Due to a variety of factors, from changes in Cleveland Police policy to an officer shortage, traffic cases in the city have plummeted in the past decade, Scene found.
Through data obtained by public records request, Scene discovered that total traffic cases—from stops by the Cleveland Police, the Ohio State Highway Patrol, Cuyahoga Metropolitan Housing Authority officers and 22 other agencies—have declined roughly 75 percent from 2012 to 2022.
The data, which includes violations spread out across the five police districts, reflects a decade of alterations in police and traffic enforcement policy.
Cleveland Police declined to comment on this story.
Kareem Henton, an organizer at Black Lives Matter Cleveland, told Scene that he believes more nuanced elements are in play, from the effect of ShotSpotter's expansion across the city in every district to a culture of racial profiling.
Private police forces for Cleveland hospitals have been found to disproportionately ticket Black drivers
. The same happens in Bratenahl
. And ProPublica found that in recent years 90% of traffic tickets issued by University Circle Inc. officers have been given to Black people.
In 2020, Cleveland Police began piloting what would be a three-year implementation of ShotSpotter technology, acoustic surveillance used to ping officers after gunshot detection, in the Fourth District. In those three years, the city said in a press release, those ShotSpotter detectors captured 10,000 incidents of gunfire, led to 12 lives saved and 66 illegal firearms confiscated from their possessors.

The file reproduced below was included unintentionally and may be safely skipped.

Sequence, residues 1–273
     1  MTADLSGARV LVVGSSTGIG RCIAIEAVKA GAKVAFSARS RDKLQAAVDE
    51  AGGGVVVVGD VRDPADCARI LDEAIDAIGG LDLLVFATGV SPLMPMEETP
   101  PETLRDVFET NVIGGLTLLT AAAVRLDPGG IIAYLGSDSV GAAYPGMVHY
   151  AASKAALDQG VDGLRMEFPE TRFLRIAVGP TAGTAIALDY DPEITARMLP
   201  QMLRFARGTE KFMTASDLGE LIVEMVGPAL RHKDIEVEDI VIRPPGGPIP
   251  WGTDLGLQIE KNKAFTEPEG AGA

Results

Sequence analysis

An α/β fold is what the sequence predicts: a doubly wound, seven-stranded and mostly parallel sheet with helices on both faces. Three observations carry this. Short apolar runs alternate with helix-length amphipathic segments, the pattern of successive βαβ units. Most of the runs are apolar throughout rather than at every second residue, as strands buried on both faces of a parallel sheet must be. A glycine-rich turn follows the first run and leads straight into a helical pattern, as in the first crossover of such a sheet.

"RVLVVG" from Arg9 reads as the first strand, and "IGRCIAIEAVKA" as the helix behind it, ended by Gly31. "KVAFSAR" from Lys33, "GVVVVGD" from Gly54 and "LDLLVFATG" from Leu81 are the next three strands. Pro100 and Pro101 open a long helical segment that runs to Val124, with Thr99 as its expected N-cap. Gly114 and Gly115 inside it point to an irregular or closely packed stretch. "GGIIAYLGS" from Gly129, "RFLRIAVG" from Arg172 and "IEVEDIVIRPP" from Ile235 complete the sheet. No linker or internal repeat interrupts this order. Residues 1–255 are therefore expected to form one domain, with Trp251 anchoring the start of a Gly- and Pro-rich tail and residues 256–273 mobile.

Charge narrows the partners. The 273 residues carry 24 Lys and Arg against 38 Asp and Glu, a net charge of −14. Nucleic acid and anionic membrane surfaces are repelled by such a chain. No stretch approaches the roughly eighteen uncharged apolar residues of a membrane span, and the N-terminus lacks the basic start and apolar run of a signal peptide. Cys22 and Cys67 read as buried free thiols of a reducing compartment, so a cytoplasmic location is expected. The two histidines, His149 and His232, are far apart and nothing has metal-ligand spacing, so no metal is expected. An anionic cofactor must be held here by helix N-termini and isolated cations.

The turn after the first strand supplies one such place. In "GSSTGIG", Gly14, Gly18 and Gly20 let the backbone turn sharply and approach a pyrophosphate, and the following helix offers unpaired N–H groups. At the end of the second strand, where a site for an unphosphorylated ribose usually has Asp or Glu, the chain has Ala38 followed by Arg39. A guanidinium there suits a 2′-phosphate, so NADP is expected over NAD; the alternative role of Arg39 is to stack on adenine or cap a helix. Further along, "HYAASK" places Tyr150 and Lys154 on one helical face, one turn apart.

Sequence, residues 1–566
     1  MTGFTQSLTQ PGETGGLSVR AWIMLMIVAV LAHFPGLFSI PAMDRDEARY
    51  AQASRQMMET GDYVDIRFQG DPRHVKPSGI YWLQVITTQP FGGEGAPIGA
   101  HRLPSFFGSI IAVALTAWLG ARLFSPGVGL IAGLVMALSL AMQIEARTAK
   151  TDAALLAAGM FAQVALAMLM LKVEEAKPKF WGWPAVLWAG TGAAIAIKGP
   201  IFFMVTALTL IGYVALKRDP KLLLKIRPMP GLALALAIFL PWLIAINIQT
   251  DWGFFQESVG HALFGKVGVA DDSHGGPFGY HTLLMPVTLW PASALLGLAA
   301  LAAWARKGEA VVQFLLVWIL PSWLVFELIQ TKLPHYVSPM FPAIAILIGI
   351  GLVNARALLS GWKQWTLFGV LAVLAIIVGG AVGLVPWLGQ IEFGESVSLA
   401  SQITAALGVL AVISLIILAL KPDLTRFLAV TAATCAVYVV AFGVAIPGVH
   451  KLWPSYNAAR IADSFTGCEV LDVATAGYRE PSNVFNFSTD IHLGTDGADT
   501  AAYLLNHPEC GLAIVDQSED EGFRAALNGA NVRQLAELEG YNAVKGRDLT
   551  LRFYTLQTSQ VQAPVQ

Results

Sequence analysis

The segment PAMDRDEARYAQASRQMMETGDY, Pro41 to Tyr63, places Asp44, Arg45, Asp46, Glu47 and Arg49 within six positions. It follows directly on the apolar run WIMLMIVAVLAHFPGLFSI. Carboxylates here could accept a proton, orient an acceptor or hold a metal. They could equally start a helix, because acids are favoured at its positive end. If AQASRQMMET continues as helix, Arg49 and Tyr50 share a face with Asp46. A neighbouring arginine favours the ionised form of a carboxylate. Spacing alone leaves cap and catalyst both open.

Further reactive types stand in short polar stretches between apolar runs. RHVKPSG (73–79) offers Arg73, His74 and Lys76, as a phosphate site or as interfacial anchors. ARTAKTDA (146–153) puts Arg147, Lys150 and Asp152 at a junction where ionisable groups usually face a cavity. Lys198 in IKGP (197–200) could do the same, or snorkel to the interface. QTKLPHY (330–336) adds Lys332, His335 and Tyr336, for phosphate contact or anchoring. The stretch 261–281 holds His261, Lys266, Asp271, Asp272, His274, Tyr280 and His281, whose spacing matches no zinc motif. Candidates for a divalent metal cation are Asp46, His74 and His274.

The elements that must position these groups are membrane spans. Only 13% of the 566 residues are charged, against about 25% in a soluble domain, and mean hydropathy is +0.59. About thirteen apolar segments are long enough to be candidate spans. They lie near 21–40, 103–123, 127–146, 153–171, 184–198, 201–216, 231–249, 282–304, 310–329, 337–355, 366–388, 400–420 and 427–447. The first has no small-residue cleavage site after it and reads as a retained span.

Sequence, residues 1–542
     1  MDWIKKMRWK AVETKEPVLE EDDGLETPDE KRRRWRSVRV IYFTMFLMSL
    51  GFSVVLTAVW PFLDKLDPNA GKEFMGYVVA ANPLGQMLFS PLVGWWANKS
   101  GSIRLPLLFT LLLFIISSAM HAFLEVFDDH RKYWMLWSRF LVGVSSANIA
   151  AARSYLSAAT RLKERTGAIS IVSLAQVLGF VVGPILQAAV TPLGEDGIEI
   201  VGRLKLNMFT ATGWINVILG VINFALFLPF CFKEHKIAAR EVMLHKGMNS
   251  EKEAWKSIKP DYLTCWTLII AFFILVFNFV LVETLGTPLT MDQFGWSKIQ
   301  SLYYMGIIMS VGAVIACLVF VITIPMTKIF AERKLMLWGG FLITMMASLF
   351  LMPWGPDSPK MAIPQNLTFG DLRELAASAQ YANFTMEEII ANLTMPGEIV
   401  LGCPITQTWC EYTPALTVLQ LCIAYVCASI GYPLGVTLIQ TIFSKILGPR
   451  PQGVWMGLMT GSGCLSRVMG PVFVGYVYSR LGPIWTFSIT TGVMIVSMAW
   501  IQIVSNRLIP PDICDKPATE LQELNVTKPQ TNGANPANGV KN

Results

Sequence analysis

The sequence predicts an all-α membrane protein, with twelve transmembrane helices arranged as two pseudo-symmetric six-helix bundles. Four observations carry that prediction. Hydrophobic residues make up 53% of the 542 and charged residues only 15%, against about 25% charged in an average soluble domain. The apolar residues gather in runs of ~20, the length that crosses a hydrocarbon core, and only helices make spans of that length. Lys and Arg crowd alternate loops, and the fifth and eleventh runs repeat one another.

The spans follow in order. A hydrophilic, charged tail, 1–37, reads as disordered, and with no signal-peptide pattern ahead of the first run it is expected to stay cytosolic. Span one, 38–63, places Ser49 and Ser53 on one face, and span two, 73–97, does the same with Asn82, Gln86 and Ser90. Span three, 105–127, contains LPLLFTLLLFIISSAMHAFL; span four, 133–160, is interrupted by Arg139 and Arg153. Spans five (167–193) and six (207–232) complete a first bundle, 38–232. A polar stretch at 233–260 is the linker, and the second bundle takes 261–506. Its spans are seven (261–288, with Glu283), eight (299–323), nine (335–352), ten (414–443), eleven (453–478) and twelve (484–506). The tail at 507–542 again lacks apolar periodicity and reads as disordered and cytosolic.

But those ShotSpotter detections, along with too-dark window tints and marijuana-signifying air fresheners
, Henton claimed are leveraged by police as excuses for stop-and-frisk searches. And not just for traffic violations, like a near-black front windshield would suggest. (Ohio law dictates that most car windows have to let at least 50 percent light in.
"Those stops lead to other things," Henton said. "It was never about the tint to begin with: they wanted to see who
was driving. They wanted to see if they had warrants. They wanted to see if they had a driver's license. If they had anything in the car. That's
what those [stops] are about," he said.
Other than Henton's claim of officers using the pine-tree freshener reasoning—which is legal in Ohio—it's possible that the overall decline in traffic cases mirrors the gradual fall in full-time patrol officers across the city. Last year, Cleveland 19 found that CPD lost 383 officers in the past few years
, with the city struggling to bring in new officers. Fewer patrollers, fewer tickets written.
As far as the Fourth District goes, which is 90 percent Black, Henton remains a skeptic about the reason behind the decline.
"It's all to CPD's advantage," he said. "It's just a matter of skewing the numbers."
Subscribe to Cleveland Scene newsletters.
Follow us: Google News | NewsBreak | Reddit | Instagram | Facebook | Twitter